Airbnb said Monday that it has raised $1 billion in debt and equity from private equity firms Silver Lake and Sixth Street Partners, even as the online rental marketplace has seen its business plummet due to the COVID-19 pandemic.
Terms of the deal were not disclosed. It’s unclear how this funding might alter Airbnb’s previously shared plans to go public.
COVID-19, the disease caused by coronavirus, prompted governments throughout the world to issue stay-at-home orders, triggering a wave of cancellations in the travel and hospitality industries. Airbnb emphasized that the funds would support its ongoing work to invest over the long term, a statement aimed at couching this raise as strategic and not a bailout in troubled times.
“While the current environment is clearly a difficult one for the hospitality industry, the desire to travel and have authentic experiences is fundamental and enduring,” Silver Lake co-CEO and managing partner Egon Durban said in a statement. “Airbnb’s diverse, global, and resilient business model is particularly well suited to prosper as the world inevitably recovers and we all get back out to experience it.”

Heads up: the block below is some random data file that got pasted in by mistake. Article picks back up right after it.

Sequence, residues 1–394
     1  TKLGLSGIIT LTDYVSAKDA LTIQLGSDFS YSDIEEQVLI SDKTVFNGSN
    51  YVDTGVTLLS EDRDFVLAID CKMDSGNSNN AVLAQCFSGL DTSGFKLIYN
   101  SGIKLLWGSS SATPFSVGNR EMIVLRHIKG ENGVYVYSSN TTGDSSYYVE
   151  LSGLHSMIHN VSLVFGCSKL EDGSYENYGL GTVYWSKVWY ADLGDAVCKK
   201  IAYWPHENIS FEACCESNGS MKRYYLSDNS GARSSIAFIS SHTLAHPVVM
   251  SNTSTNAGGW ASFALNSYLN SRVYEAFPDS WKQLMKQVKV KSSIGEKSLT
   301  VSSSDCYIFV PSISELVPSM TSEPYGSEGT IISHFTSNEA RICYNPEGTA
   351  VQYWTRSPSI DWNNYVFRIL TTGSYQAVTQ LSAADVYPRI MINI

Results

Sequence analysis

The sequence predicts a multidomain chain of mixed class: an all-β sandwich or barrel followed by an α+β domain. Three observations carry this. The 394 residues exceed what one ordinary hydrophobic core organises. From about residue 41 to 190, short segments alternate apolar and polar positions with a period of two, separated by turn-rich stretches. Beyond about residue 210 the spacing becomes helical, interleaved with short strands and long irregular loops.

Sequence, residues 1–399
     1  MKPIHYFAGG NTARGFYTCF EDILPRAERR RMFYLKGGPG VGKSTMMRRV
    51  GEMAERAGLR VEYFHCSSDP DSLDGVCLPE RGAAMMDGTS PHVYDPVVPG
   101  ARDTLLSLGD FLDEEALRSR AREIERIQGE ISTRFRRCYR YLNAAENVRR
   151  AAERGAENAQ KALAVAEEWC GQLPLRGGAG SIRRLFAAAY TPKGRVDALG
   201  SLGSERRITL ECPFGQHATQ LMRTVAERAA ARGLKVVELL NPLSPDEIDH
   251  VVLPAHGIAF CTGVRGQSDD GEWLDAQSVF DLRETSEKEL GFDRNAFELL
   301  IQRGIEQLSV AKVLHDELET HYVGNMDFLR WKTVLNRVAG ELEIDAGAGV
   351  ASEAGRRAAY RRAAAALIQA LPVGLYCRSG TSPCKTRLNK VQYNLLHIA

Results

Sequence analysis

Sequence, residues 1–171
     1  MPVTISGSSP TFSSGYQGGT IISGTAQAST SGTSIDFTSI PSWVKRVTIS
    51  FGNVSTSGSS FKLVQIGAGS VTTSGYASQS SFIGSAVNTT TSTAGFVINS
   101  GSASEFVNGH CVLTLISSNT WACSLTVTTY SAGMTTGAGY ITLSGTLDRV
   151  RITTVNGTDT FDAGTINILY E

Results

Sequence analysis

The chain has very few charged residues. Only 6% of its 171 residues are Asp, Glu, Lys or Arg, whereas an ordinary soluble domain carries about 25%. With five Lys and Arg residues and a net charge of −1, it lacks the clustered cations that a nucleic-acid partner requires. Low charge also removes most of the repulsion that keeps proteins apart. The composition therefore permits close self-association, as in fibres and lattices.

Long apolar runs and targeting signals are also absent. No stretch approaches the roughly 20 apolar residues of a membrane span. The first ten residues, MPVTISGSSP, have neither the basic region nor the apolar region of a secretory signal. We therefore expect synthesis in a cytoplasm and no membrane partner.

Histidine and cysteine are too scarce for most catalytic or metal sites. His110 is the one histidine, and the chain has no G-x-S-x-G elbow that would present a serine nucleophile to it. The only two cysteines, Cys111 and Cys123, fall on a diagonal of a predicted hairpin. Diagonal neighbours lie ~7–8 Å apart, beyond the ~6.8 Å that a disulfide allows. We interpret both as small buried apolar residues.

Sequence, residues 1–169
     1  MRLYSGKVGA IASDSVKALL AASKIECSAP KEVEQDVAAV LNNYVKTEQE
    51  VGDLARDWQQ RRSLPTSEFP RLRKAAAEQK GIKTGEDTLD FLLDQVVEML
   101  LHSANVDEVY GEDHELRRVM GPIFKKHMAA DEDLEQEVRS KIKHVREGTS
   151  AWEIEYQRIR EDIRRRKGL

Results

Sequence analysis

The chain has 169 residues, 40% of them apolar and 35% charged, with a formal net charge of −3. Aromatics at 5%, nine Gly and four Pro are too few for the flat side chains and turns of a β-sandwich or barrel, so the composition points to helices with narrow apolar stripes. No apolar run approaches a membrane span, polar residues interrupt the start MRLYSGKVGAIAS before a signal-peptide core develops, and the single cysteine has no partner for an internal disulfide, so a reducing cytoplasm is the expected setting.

Airbnb CEO Brian Chesky acknowledged Monday that while the desire to connect and travel has been reinforced during this time, the “way it manifests will evolve as the world changes.”
Airbnb is betting how and where people work will evolve. As a result, the company said it will direct its attention and new funds toward three core products: hosts, long-term stays and Airbnb experiences.
Last month, Airbnb said it would direct $250 million to help hosts who have been impacted by COVID-19. The funds will be used to pay a host 25% of what they would normally receive through their cancellation policy if a guest cancels a reservation due to COVID-19 between March 14 and May 31. Airbnb said this policy applies retroactively to all cancellations during that period.
The move was an attempt by Airbnb to make amends to its hosts who complained that the company’s policy would allow guests to cancel reservations and receive a full refund. That policy, which is still active, lets guests who booked reservations on or before March 14 that begin anytime on or before May 31 to cancel and receive a standard refund or travel credit.